How do you end a canvas painting? Why are you even here? Why don’t we go home now?”
“If that’s how it is, then I don’t much like it,” he said. He had a sort of a paunch. For an artist of the twentieth century his paunch was hardly the greatest indication of intelligence. It was rather the symptom, the last vestige of his former greatness. He thought for the moment how foolish and foolish and pointless it would be to go forth and leave his house all by himself when it was all he wanted to do. “What am I going to do?” he asked suddenly. “I’d rather sit in the barn and cry.”
A sudden shock of anger seized him. “There you are—trampling, trampling, trampling,” he yelled. “You don’t think I can live in that barn with you? Let me go, or you’re going to get killed!”
Suddenly he stopped. He stood trembling. To think that she would say, “Oh my God!” was very disturbing. He suddenly recalled suddenly—to which he gave a sudden cry of horror—”the old lady at the church, the girl with the baby in her arms! Do you know me? And—and,” he shouted. “What are we talking about? The devil—the devil! What are you going to do with me? And what are you going to do with yourself?” He was beginning to sweat again—for there had been so much blood!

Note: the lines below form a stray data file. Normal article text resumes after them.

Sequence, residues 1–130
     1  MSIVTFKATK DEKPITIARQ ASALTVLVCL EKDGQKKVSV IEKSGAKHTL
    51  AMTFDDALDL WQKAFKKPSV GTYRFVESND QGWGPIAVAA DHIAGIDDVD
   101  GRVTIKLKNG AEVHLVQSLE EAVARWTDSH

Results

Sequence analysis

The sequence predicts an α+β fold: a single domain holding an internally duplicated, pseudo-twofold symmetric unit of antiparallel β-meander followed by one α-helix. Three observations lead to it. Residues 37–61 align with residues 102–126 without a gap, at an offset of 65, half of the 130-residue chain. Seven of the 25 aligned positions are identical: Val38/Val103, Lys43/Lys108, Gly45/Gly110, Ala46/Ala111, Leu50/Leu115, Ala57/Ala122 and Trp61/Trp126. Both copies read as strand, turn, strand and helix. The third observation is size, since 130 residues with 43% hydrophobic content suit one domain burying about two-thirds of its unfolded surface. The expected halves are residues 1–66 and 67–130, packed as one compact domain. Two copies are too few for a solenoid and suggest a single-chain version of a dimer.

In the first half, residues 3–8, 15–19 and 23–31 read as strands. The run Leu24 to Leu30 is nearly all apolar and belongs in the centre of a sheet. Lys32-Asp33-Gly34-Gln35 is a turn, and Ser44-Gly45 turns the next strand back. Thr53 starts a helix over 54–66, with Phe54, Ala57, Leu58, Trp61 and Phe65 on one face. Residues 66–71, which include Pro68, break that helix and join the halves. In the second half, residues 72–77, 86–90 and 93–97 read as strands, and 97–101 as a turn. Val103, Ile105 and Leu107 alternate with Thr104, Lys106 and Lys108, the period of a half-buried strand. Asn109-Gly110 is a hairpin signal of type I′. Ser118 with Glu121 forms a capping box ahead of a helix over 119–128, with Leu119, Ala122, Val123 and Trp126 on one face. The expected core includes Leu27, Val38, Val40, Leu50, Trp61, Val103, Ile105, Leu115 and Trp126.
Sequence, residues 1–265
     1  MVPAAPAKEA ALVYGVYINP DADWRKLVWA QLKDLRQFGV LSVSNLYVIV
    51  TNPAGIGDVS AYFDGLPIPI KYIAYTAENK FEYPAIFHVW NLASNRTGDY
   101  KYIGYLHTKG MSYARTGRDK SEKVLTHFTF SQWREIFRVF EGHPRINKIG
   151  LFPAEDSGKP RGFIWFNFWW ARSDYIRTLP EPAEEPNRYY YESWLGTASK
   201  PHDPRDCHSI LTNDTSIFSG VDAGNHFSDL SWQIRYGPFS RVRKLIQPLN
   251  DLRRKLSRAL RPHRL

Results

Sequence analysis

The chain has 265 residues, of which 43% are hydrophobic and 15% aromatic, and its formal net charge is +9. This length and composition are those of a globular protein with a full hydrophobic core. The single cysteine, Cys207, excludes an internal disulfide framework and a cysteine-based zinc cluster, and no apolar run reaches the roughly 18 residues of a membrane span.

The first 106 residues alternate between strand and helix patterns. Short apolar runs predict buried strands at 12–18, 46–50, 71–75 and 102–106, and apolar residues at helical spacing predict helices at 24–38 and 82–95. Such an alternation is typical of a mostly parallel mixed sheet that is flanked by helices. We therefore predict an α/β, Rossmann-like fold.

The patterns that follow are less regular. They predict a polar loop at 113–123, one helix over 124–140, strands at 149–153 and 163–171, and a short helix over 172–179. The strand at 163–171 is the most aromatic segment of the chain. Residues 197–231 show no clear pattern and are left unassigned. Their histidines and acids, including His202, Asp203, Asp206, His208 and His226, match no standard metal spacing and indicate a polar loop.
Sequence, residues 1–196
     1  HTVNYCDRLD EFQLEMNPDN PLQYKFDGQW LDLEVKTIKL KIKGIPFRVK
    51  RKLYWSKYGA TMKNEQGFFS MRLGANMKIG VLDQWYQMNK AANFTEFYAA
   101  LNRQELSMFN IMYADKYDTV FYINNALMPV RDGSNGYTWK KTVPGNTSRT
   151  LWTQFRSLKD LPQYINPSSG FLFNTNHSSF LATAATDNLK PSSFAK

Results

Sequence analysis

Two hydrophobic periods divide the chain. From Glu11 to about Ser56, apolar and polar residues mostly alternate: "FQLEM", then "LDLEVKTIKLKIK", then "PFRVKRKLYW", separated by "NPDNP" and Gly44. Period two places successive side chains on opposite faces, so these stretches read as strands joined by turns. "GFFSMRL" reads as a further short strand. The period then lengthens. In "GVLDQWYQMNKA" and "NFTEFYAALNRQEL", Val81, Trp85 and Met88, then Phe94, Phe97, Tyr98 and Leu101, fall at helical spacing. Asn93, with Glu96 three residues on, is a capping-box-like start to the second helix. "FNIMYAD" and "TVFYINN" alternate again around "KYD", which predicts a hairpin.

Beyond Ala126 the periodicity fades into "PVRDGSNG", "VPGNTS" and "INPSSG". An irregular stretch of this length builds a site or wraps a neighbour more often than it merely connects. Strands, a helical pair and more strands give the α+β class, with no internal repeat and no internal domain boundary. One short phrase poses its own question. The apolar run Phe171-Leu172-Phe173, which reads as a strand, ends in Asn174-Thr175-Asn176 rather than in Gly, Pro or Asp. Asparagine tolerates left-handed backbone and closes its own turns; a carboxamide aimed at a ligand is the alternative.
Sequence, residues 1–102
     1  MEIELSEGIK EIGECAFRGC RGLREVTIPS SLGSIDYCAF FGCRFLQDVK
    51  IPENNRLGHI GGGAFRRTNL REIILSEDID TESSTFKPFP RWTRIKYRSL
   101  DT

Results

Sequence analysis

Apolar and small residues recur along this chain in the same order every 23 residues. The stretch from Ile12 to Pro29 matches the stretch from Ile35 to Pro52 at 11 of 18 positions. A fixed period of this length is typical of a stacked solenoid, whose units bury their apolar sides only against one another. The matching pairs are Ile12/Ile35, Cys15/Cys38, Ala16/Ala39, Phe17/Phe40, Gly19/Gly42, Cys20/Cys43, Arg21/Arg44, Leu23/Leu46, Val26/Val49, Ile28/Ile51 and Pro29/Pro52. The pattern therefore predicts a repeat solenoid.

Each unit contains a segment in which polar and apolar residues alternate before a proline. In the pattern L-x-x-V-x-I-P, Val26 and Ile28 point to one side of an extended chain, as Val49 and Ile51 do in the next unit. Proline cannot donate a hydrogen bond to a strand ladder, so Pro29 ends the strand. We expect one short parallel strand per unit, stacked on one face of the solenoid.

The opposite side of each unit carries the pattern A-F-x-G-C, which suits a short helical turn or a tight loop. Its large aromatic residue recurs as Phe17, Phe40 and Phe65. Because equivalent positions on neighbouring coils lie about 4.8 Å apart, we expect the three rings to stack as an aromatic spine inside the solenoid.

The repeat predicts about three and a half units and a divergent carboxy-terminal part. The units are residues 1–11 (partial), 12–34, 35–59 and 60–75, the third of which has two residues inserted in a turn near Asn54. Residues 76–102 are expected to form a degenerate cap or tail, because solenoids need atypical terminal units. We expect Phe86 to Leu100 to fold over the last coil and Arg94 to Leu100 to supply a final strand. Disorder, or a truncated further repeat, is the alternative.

“Come in, come in,” she said in a low voice. She did not look up from her canvas; rather she seemed to be reading a book. “What are you doing? I said, ‘Come in,’ you idiot! What am I doing to you? What am I doing to myself?”
“It’s nothing,” he said. “It’s nothing at all!”
“What? What’s your—?”
He seemed to understand her. She took the canvas in her arm and said, without taking a look at her paint,
“Don’t you know all of your father? I—I think you—he wouldn’t have asked you to draw this. He liked it. He liked it!”
But his anger still burned up and burst out into an almost unbelievable rage.
“Come in,” she said. “Come in. Come in—now.”
He took the canvas and put it in his hands,